A Visit To The Royal Family of Arnold & Son (article)
Surely, there are many watch manufacturers in Switzerland, and quite a bit at La Chaux de Fonds, town known for its high number of watch factories. This week I visited my favorite brand of traditional watchmaking, Arnold & Son. Now some people might not have heard of it and suggest it’s a newly established company; however I found out that there’s a very rich history behind it. It dates back to 1736 when John Arnold, son of a watchmaker was born. Later on he was creating watches for the King George III himself and exchanged his experience with Abraham-Louis Breguet, a figure most of you would know by he brand ‘Breguet’.
Today’s Arnold & Son has kept all the traditions of their ancestor J. Arnold in terms of fine watchmaking, have developed them to become something even more beautiful and added a contemporary touch to the watches.
So upon my arrival to the factory I already knew a bit about the brand, but still had little idea of what the manufacturing is like. A&S’s Mechanical Director Sebastien (who I’ve previously met at Baselworld 2013) along with their fantastic Head of Design Aude showed me pretty much everything around the factory, and even though I still didn’t get many details about the process (as I’m not very bright when it comes to production) it was a real joy watching all the big machines work and the talented watchmakers detail, engrave and construct the pieces.
Most of all I was amazed by how many processes, tests, and steps one watch has to pass in order to be considered a working timepiece by the official standards, as well as how patient and precise the horologists have to be to not mess up the watch!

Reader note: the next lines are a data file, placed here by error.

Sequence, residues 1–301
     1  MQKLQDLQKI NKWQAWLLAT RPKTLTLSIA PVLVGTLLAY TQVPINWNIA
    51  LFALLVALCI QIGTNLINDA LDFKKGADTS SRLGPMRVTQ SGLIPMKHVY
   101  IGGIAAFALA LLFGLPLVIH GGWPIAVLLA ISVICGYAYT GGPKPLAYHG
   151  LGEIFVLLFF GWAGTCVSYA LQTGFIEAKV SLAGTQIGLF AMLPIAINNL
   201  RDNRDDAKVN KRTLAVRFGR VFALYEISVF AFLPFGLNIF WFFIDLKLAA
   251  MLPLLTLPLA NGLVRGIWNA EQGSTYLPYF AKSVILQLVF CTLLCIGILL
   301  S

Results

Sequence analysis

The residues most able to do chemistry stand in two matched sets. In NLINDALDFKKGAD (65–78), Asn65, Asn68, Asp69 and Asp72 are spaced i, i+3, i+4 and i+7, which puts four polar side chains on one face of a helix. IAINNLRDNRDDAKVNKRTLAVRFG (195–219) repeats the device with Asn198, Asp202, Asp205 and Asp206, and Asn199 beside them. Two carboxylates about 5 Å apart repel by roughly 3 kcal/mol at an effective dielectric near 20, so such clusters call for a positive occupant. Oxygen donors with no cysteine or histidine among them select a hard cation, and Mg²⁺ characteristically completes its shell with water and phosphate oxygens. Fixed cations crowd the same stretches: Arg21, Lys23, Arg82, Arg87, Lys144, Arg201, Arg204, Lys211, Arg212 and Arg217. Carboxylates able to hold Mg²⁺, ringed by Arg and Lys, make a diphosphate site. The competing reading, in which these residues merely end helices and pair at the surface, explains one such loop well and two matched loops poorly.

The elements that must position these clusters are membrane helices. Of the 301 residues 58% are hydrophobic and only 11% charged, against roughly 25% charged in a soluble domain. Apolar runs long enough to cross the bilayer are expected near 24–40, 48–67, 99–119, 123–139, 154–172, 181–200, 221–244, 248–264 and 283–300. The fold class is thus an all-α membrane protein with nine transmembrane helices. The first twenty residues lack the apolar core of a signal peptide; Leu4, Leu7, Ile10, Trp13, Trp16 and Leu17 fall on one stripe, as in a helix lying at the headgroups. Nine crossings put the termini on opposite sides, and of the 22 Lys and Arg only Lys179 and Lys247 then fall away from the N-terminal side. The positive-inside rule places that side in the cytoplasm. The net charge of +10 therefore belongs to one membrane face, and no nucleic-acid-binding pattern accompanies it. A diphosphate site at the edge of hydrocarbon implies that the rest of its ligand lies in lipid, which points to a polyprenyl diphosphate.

When we were done with the manufacturing part we got to see the actual models, that Aude prepared for us. Arnold and Son’s watches currently are separated into 2 collections: Royal and Instrumental, and even though to me all their watches seem to have that Royal feel I realized there are some differences in the way Royal and Instrumental collections are made, with the dial and finishings mainly.
The day was surprisingly (as I was told) sunny and it wasn’t snowing (which is a rare thing at La Chaux de Fonds!) so of course we could not resist taking it all outside Each watch has opened up to me in a different way, and my most favorite remained the TB88 and the DBG/S models.
Another thing I found out is that if you change a strap for a smaller one it fits a lady’s wrist very well, and Aude was nice enough to model a couple of pieces to show that to you. Of course, there are special ladies watches from Arnold & Son, but in case diamonds are not your best friends you can easily take any HMS1 and customize it for your wrist!
As well as pieces from the last collection I got to see this years novelties, such as the Time Pyramid, which took it’s idea from their skeletonized clock (shown below) and at least to me reinvented the opened dial for me. What is really cool is not just the fact that the watch has over 90 hours of power reserve but the amazing symmetry (that you can also see in the DBG model, but less visibly).
Before leaving the factory I also got to see the amazing TE8 tourbillon from the Royal collection, a piece that is by all means Royal! One look at it is enough to understand it’s a perfectly crafted and exclusive watch. On top of that what surprised me is the price list for the models of A&S, and I made myself a promise that next year I will not even think about getting any other watch than Arnold and Son (and for now I’m thinking TB88 or the DBG, as they both are stunning pieces to me).
I hope you’ve enjoyed the article and photos as much as I enjoyed the factory visit and if you have any questions about some specific models, prices or if you just want to state how great the watches are leave you remarks in the comments and I will answer them IN A FLASH OF A SECOND! Also tell me where would you like me to go next or what watches I should take a look at. And be sure to tune in on Wednesday to read about my eventful 2-day holiday in Spain